The risk of HIV transmission is strongly associated with the level of HIV-1 RNA in the blood plasma (the viral load) of an infected individual, with greater viral loads associated with greater risks of transmission. A better understanding of this linkage is needed to improve predictions of the efficacy of antiretroviral therapy (ART) and other interventions, and to model their potential effects on HIV transmission.
As part of the Partners In Prevention HSV/HIV Transmission Study, UW researcher Jairam Lingappa, VIDD member James Hughes, VIDD staff scientist Deborah Donnell, VIDD co-director Lawrence Corey, VIDD affiliate investigator Anna Wald and colleagues performed a prospective study from 2004-2008 of nearly 3400 serodiscordant African couples (where one individual is HIV-positive and the other is not) for over 4000 person-years of study. In this study, they identified 108 confirmed transmission events from one partner to the other within a couple. Based on data they also collected about viral load in the transmitting partner, they were able to develop a model predicting transmission risk as a function of viral load, which identified a direct relationship of higher viral loads correlating with higher transmission risks. Their model predicts that a reduction in viral load of 0.74 log10 copies/ml (roughly equivalent to a five-fold decrease in the amount of circulating virus) will reduce transmission risk by 50%, regardless of the initial viral load. Therefore, in the context of using ART for prevention of HIV-1 transmission, given a population with a similar distribution of viral loads as seen in the Partners in Prevention clinical trial cohort, targeting ART to the 58% of infected individuals with the highest viral load is predicted to provide 90% of the HIV-1 prevention benefit of targeting all infected individuals. Thus, HIV-1 prevention strategies could focus on individuals with the highest viral loads in situations where the high cost of ART makes it prohibitive to provide all HIV-infected individuals with ART. However, further advances and reduction of cost in viral load testing technology would be necessary to make this a realistic goal.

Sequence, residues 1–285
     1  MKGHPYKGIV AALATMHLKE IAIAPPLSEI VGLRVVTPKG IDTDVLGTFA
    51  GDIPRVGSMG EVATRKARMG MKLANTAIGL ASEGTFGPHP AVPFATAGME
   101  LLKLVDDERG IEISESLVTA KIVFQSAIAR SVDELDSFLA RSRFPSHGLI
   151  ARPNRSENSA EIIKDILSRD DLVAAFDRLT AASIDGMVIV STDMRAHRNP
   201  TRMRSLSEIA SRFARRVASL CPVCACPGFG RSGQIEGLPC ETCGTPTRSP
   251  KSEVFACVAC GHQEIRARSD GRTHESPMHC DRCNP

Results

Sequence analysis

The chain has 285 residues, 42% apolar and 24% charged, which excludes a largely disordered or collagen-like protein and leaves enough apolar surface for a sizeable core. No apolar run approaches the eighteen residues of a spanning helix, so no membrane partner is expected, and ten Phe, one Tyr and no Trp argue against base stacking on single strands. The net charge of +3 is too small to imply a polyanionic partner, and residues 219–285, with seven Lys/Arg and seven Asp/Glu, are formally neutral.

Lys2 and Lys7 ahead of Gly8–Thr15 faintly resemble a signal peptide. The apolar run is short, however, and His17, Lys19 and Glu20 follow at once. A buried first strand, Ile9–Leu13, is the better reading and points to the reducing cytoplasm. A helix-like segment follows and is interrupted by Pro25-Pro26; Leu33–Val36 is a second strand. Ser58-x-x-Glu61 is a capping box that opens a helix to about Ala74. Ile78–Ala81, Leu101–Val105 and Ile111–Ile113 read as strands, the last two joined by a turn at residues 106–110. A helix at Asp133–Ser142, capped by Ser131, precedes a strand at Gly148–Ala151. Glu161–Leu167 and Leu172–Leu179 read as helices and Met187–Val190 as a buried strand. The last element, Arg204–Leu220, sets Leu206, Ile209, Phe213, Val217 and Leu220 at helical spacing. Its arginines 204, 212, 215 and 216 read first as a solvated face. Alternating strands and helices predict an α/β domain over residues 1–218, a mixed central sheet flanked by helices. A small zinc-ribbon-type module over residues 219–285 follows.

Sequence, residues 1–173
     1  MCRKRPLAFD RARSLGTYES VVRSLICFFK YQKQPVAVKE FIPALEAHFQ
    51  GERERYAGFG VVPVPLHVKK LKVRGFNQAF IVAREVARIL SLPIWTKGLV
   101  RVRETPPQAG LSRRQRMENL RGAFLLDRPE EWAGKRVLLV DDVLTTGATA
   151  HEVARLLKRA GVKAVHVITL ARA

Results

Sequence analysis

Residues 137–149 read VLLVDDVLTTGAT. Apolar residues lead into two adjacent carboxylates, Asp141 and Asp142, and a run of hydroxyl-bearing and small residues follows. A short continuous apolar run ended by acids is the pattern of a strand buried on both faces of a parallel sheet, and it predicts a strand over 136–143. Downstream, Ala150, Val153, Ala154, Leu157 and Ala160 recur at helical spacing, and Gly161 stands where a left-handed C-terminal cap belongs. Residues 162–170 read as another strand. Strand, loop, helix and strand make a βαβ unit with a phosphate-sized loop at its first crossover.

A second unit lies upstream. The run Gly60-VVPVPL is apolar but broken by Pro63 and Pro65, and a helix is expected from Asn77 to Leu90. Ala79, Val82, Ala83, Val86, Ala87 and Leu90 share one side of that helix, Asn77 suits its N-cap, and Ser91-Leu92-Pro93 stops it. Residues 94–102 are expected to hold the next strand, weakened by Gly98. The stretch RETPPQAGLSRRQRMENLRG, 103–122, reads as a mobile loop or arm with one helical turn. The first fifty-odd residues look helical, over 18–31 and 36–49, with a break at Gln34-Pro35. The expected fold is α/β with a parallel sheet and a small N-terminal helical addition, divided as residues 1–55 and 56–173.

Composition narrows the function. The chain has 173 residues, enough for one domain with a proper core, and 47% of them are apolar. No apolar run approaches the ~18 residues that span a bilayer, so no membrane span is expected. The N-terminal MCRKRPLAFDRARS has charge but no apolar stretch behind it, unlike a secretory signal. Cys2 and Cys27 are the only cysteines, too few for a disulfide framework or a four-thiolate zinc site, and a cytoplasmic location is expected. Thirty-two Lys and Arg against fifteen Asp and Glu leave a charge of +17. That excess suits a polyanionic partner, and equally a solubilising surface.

Lingappa JR, Hughes JP, Wang RS, Baeten JM, Celum C, Gray GE, Stevens WS, Donnell D, Campbell MS, Farquhar C, Essex M, Mullins JI, Coombs RW, Rees H, Corey L, Wald A; Partners in Prevention HSV/HIV Transmission Study Team. Estimating the impact of plasma HIV-1 RNA reductions on heterosexual HIV-1 transmission risk. PLoS One. 2010 Sep 13;5(9):e12598.